Guyanese, irrespective of where they reside, would have heard of the campaign to stop all forms of violence in our society, especially domestic violence. Every organisation, religious, social and educational, has spoken out against violence. Yet, this reckless behaviour continues unabated in our society. The time has come, now, for us to address this issue in a comprehensive manner, taking into account modern, social work intervention techniques, including counselling by trained professionals. It is believed that energies must now be focused on repairing the young minds in our society through social programmes in the education system. That data must be gathered and analysed to prepare a realistic approach for addressing this scourge; that greater emphasis must be placed on the owners of the many, or too many, bars who sell alcohol to anyone, irrespective of that person’s level of intoxication; more persons must be trained in counselling; that we should seek to establish counselling centres in those areas where there are high incidences of abuse and that continuously we should seek to provide information and education on abuse for our citizens.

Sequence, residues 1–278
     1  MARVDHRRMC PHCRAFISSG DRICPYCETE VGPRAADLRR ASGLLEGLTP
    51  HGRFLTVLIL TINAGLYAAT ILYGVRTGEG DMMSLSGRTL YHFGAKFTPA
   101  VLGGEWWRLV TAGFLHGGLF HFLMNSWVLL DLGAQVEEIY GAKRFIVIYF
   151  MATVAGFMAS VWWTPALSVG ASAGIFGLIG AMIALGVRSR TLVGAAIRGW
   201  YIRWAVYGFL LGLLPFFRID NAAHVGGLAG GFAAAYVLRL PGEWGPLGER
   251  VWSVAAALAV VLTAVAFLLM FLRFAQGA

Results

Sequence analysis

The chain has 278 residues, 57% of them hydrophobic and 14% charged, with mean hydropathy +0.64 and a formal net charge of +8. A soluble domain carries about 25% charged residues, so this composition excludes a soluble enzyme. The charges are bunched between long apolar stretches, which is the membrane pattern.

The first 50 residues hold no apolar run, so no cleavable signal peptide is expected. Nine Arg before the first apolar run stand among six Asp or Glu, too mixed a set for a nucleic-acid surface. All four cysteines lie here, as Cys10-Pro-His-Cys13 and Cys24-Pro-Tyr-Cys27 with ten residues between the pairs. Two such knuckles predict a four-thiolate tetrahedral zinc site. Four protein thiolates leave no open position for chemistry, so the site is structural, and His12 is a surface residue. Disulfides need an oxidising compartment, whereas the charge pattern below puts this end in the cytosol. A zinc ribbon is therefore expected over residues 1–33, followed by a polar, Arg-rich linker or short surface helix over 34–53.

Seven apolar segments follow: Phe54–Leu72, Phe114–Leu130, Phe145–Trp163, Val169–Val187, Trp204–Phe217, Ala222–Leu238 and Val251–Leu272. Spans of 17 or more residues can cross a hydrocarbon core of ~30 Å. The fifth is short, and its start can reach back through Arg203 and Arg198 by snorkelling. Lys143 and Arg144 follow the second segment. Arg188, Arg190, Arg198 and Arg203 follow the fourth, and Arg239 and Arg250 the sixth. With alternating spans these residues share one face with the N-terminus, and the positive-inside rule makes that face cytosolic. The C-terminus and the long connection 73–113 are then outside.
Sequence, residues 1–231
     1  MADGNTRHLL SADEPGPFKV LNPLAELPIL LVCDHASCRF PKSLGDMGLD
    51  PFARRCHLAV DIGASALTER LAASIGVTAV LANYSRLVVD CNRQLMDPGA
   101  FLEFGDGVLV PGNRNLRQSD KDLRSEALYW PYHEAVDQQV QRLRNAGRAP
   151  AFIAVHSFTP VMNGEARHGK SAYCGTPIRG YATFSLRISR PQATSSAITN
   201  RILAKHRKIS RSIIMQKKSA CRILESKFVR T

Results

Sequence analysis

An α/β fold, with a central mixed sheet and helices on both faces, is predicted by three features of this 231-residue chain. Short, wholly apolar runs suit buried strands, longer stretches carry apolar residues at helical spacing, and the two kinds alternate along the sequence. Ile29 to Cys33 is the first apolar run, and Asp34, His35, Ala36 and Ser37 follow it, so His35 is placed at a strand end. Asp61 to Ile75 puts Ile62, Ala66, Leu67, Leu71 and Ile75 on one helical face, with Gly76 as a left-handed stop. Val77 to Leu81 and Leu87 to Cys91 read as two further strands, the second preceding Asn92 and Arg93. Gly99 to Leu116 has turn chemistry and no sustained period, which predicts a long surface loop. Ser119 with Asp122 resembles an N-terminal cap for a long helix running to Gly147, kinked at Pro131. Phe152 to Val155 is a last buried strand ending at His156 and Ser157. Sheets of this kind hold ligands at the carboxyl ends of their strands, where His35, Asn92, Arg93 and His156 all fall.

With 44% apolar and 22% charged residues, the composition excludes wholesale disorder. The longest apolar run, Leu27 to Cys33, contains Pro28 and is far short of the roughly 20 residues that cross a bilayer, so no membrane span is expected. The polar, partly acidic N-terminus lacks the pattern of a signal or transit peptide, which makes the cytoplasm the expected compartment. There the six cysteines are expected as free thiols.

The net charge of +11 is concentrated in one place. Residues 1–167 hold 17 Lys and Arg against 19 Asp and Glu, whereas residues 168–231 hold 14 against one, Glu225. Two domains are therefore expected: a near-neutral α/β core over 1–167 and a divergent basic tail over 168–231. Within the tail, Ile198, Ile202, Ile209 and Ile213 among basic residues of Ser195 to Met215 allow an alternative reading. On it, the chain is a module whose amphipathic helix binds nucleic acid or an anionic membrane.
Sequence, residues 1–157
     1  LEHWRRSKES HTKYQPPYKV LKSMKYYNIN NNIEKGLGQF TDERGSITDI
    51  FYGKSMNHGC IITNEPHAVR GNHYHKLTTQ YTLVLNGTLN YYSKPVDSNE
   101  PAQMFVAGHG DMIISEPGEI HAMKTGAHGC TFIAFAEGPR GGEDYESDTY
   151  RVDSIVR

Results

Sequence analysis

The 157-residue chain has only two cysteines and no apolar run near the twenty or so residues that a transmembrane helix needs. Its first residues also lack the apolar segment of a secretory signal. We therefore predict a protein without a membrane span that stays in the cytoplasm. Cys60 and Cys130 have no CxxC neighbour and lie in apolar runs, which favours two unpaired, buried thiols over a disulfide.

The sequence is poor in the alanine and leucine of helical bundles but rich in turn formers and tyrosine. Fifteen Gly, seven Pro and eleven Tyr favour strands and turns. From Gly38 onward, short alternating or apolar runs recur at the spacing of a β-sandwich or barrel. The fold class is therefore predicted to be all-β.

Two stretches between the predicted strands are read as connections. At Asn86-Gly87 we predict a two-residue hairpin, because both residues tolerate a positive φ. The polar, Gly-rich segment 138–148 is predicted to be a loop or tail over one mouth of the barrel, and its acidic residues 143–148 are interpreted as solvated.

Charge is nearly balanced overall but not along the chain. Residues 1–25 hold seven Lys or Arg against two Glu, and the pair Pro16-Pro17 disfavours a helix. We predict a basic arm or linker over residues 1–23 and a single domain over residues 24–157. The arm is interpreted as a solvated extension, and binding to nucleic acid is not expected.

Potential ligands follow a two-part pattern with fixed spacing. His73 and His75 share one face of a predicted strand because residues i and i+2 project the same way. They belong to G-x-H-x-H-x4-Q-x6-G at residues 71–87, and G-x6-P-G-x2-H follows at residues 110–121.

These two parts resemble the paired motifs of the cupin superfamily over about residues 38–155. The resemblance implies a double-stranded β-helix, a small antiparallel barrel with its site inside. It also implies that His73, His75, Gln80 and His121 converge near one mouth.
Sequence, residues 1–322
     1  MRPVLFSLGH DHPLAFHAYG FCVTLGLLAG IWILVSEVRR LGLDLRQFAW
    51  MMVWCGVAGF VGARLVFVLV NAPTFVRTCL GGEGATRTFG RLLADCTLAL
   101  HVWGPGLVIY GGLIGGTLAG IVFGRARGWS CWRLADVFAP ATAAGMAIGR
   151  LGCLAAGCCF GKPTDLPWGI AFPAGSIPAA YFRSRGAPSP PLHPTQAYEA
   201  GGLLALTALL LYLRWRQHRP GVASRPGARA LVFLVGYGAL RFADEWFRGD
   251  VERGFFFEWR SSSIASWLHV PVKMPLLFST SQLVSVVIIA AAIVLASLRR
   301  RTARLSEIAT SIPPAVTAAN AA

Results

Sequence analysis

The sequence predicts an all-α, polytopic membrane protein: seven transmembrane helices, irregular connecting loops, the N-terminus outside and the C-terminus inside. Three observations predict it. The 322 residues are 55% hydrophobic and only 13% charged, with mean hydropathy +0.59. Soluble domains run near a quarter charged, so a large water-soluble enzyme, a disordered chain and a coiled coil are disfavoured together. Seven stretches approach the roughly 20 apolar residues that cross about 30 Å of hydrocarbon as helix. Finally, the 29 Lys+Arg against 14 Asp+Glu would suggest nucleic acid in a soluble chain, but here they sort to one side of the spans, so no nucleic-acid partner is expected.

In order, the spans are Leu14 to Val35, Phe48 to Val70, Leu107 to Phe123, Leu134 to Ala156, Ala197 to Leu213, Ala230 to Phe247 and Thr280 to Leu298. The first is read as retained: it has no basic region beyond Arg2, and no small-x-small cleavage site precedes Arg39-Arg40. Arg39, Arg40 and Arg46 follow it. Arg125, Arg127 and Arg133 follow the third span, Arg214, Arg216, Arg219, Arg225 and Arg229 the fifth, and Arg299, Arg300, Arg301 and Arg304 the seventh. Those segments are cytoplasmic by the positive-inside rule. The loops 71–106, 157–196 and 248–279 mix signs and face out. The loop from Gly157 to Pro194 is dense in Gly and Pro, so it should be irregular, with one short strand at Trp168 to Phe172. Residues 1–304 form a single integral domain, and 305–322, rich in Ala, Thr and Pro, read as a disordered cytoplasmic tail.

Child labour: Sooner, rather than later, some organisation will report negatively on Guyana’s continued breach of the International Labour Organization Convention 182 - the worse forms of child labour. The laws of Guyana state that no child under fifteen years old must be employed and that persons fifteen to eighteen years can work, however, this work must not be injurious to the health and safety of the worker. Yet, Mdm. Deputy Speaker, today as you traverse the streets of Georgetown and those areas where there is a high degree of economic activities you would observe that a great number of children who ought to be in school are working as shop attendants, porters, vendors, with entertainment bands, restaurants and on construction sites, to name a few. The depressing reality is that in most instances the parents or guardians are well aware of the child’s working life and benefits from the rewards. Apart from breaching the Convention, many of these children become uncontrollable and find themselves in conflict with the law, bringing undue pressure to the already choked social system. While it is my belief that no representative of this honourable House would condone such an infringement on the rights of the child, it does not in any way release that representation from taking action whenever he or she comes into contact with such situations. The Ministers responsible for both the Ministries of Human Services and Social Security and Education must act remedy this situation.